We’re not just talking about it. The Council has already made a start by taking steps to achieve these things, for example by:
- working with other councils in the region to merge back office information technology services
- working with other councils to establish a ‘one-stop shop’ regional economic development agency
- contributing $1 million to the Airport runway consent application costs
- establishing an Economic Initiatives Development Fund (with funding of $3.7 million in 2014/15) and a $20 million investment in Destination Wellington
- halving development contributions
- developing – and committing to explore – eight investment ideas to move the economy along.
We’ve got the capacity to act
This Annual Plan provides a good platform. The prospective position at the end of this plan (30 June 2015) is strong. We have an AA credit rating with Standard & Poor's – the highest for a public sector entity.
We’ve directed the Chief Executive to institute strict disciplines on our capital investment programme with the aim of reducing carry forwards and reprioritising within the year.
Our rates are not as high as many of our neighbours, and in terms of stacking up against other cities we do pretty well. In short, we have the opportunity and resources to do more if we choose to.
But we must make sure our investments provide a return in the form of growth in the ratepayer base – this will then lead to a cycle of growth releasing more capital to invest back into the city.
Our 8 Big Ideas and more
Our future programme includes a number of projects aimed at growing the local economy. These are in various stages of development but will all be subject to business case tests. They include:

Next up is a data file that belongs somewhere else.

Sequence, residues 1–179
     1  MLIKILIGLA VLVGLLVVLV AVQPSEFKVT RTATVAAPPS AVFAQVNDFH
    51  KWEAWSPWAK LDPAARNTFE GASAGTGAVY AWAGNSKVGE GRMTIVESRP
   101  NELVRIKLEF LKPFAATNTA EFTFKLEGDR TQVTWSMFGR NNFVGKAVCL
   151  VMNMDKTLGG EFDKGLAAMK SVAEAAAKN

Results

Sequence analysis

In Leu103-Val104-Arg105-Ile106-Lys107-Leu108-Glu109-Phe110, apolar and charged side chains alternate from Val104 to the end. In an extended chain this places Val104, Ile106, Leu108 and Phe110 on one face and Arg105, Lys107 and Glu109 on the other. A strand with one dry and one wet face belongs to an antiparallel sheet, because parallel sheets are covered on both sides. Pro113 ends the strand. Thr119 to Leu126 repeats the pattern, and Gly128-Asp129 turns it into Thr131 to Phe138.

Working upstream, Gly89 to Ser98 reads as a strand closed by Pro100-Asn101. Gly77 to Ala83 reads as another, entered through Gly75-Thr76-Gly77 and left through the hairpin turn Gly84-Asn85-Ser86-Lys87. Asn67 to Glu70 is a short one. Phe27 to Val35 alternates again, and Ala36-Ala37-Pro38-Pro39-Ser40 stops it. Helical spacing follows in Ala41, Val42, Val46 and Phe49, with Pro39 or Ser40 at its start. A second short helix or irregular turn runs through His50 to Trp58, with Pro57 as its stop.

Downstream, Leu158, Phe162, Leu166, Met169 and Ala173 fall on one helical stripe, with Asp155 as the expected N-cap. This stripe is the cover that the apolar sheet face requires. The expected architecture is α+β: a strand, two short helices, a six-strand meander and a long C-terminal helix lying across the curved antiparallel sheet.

Film museum: Wellington’s film sector thrills, inspires and amazes people here and around the world. A film museum would celebrate this and offer a high-quality international tourist attraction.
International air connections: the region’s prosperity depends on the strength of our connections to the world. Our airport is currently too short for long-haul aircraft. An extended runway would allow planes to fly direct to Asia and raise the prospect of one-stop flights to other destinations.
A tech precinct: connecting with people is critical to success in high-tech industries. A Central Business District tech-precinct would support an environment to share ideas, knowledge, investment and pathways to international markets.
Conference and concert venues: conventions bring people to the city to learn, discuss ideas and make connections. At the moment we have good convention and concert venues but our market share and ability to attract headline acts needs to be considered.
A framework for Miramar: Miramar is New Zealand’s creative hot spot. Set against a backdrop of the coast and green open space, the area presents a number of development opportunities. Setting in place a framework to guide development will ensure the city benefits.
Better transport: providing easy, reliable and safe transport choice is critical for the city. Over the coming years, we will work with NZTA (New Zealand Transport Agency) and Greater Wellington Regional Council to improve those choices in the city.
Open for business: we will take steps to ensure our regulatory and policy settings don’t wrongly impinge on business doing what it does best: investing and creating jobs.
Liveable city: sustaining what makes Wellington a great place to live will be important as we compete with other cities for people and resources.
The Council will also look to support other organisations’ projects that can contribute to the growth agenda. These will be subject to funding being secured from third parties and the consideration of business cases. They include the proposed Ocean Exploration Centre on the south coast and possible expansion of the Museum of Wellington City & Sea.